In the first Canadian study of its kind, researchers will experiment with the euphoria-inducing drug ecstasy in trauma-survivor therapy.
Two Vancouver therapists imported nine grams of MDMA from a laboratory in Switzerland, one of only two facilities in the world allowed to legally produce it, and will test the drug on 12 patients with severe post-traumatic stress disorder starting Jan. 1, according to the National Post.
Each patient will take the drug under supervision and then work with a therapist for eight hours in psychotherapy. After an overnight stay, they will receive therapy again the following morning.
"Something horrible is done to you, and an alarm starts ringing," psychologist Andrew Feldmár told the Post. "You just don't know how to turn it off. Even though the war is over, or no one is torturing you, or no one is hurting you, the alarm is still ringing. With the help of MDMA and good therapy, good connection and good company, the alarm can be stilled."
A study in The Journal of Psychopharmacology reported that more than 83 percent of PTSD patients treated with MDMA and therapy had completely recovered, "without evidence of harm." A follow-up study published last month found that the patients still had virtually no symptoms two years later.
The 21 patients in the study mostly were rape victims, and experts familiar with the work cautioned that it was preliminary, based on small numbers, and its applicability to war trauma entirely unknown. A spokeswoman for the Department of Defense said the military was not involved in any research of MDMA, according to the New York Times
"What the MDMA does, because of the physiological effects, it means you are in a present, fearless state — able to look at those events without being re-traumatized, and healing in the present what was the trauma of the past," said Ingrid Pacey, one of the study's researchers.
Pacey told The Post there are many categories of patients who are interested in the treatment.
The drug helped a 46-year-old man, living in San Francisco, get through cleaning up Ground Zero after the attacks of Sept. 11, 200. The man told the Times he was searching for survivors as family members pleaded for information. A therapist administered him MDMA and it rid him of guilt and sadness.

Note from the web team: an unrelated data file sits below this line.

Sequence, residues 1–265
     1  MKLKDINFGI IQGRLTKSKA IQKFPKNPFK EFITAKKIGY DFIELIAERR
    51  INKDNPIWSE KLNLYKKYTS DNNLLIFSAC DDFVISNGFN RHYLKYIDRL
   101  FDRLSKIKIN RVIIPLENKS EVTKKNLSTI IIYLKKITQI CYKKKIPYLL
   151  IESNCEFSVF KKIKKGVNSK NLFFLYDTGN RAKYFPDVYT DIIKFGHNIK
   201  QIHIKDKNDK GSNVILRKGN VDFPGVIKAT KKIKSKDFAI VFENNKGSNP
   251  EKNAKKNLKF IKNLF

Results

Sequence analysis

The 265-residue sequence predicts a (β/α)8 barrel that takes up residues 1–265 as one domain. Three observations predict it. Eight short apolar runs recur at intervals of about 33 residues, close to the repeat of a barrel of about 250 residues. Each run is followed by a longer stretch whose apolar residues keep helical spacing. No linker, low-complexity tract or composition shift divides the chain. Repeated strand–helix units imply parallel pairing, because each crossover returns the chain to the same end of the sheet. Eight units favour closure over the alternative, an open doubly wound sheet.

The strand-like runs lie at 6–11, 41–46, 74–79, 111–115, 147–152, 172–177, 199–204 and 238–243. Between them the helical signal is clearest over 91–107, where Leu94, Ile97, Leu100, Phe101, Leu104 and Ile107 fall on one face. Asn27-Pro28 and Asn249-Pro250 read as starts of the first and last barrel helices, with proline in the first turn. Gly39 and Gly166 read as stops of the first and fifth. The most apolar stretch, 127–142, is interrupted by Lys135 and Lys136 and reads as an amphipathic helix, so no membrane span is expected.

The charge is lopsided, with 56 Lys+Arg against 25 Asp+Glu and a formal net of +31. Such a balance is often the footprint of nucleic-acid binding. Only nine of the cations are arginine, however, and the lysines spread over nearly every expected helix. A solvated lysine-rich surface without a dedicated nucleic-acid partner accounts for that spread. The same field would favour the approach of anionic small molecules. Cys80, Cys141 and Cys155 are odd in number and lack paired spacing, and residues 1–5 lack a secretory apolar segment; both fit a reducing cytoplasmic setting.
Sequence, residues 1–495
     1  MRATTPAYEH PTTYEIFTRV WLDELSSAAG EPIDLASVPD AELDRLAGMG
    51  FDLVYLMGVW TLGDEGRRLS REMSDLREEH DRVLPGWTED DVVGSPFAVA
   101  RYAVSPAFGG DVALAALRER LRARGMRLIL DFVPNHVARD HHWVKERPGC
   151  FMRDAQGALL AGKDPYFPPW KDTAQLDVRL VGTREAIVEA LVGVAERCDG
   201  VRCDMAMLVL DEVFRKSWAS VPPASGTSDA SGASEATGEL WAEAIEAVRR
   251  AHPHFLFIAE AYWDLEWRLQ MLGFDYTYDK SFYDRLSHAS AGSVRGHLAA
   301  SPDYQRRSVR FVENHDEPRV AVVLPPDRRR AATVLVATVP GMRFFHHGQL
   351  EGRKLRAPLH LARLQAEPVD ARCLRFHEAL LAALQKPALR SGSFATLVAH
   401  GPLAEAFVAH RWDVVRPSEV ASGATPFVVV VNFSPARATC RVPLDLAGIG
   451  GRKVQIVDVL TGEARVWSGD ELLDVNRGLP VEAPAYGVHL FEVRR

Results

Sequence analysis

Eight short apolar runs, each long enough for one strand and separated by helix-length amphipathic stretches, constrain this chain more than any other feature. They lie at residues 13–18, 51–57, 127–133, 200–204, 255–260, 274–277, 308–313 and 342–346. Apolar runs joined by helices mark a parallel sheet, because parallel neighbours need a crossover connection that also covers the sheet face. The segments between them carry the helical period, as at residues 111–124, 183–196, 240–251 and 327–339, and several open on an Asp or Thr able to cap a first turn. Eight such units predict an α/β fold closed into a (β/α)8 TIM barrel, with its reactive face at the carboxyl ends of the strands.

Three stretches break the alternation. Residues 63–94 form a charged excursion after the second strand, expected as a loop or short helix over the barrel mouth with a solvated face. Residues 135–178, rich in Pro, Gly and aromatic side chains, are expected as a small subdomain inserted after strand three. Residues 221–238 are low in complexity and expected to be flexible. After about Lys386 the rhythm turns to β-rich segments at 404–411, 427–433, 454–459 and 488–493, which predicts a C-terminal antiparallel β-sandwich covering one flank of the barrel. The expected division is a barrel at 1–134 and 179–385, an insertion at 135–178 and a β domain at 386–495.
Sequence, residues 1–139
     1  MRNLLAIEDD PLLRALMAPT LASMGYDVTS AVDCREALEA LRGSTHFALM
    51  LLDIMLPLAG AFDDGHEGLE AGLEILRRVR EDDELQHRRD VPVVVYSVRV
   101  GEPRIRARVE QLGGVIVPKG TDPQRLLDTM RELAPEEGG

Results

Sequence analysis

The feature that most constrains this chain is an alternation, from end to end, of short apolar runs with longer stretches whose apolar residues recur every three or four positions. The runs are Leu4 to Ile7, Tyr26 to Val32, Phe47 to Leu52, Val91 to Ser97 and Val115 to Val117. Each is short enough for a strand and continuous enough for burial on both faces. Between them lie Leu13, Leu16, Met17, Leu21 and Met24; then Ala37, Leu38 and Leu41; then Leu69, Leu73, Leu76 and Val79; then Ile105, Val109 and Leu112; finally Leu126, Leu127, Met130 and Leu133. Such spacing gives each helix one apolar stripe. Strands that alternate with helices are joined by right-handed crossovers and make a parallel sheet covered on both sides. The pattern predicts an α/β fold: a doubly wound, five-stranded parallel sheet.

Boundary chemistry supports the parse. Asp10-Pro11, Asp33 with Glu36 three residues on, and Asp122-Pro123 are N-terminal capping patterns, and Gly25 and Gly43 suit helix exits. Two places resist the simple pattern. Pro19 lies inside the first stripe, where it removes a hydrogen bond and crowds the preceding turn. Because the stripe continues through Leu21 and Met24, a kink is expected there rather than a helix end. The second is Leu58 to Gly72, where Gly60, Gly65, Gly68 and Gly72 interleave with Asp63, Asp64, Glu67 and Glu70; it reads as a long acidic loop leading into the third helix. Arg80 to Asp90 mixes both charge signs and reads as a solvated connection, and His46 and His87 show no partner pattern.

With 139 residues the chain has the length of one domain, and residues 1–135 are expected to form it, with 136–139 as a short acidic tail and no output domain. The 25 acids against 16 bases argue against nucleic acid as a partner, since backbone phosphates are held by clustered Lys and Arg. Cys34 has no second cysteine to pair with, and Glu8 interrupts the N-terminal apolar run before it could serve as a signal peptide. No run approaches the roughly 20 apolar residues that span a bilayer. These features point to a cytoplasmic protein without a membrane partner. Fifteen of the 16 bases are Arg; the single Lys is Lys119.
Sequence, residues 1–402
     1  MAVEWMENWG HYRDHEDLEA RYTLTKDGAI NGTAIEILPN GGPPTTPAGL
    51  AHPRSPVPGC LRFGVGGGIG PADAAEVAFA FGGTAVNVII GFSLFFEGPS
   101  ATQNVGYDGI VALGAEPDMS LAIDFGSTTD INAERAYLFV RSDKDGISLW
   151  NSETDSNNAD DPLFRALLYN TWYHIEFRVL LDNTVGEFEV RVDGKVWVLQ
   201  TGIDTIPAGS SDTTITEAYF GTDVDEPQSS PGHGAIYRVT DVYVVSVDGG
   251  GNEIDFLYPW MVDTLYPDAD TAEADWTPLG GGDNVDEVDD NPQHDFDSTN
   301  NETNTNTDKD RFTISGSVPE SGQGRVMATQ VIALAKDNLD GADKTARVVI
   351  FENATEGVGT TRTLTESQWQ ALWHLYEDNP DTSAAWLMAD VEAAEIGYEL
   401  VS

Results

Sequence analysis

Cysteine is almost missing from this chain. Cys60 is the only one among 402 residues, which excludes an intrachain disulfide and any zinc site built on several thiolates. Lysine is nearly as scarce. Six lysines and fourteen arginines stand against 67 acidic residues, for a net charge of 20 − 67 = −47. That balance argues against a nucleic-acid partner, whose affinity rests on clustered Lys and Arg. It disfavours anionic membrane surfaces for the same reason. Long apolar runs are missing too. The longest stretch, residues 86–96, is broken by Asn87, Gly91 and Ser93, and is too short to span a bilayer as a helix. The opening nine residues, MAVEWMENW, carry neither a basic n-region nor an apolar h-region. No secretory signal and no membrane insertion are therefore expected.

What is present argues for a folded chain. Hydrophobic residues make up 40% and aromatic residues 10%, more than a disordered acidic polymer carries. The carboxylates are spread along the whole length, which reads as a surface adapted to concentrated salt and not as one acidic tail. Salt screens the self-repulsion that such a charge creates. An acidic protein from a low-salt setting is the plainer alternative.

"It changed my perspective on the entire experience of working at Ground Zero," he said. "At times I had this beautiful, peaceful feeling down in the pit, that I had a purpose, that I was doing what I needed to be doing. And I began in therapy to identify with that."
In the Canadian study, the small amount of MDMA administered by therapists would not produce a "high" for the patients, but rather bring tranquility, researchers said. The drug induces oxytocin, which increases sensations of trust and affection. It also reduces activity in the amygdala, which flares during fearful, threatening situations, according to the Times.
Provincial Health Officer Dr. Perry Kendall said the MDMA study offers hope for trauma patients. He drew controversy in June by suggesting that pure, unadulterated ecstasy may not be harmful, and that punitive drug policies were not effective, according to the Post.
"If it's a successful intervention, then I think it deserves broader application," he said.
Feldmár said there is no evidence that MDMA is addictive.
A 2011 study by the National Institute on Drug Abuse and published in the journal Addiction found that regular ecstasy use was not associated with cognitive impairment, according to Time
MDMA was first patented in 1912, by Merck pharmacologist Anton Köllisch. Canada banned the drug in 1976. The drug has been illegal in the U.S. since 1985.
In November, Canada upgraded the drug from a Schedule III to a Schedule I substance, meaning that mandatory minimum sentences — and up to life in prison — would face those caught trafficking or producing it.
Because researchers are using it in a scientific study, importing and administering it to patients is legal.
A handful of similar experiments using MDMA, LSD, and marijuana are in the works in Switzerland, Israel and Britain, as well as in the U.S., according to the Times. So far, the research has been largely supported by nonprofit groups.
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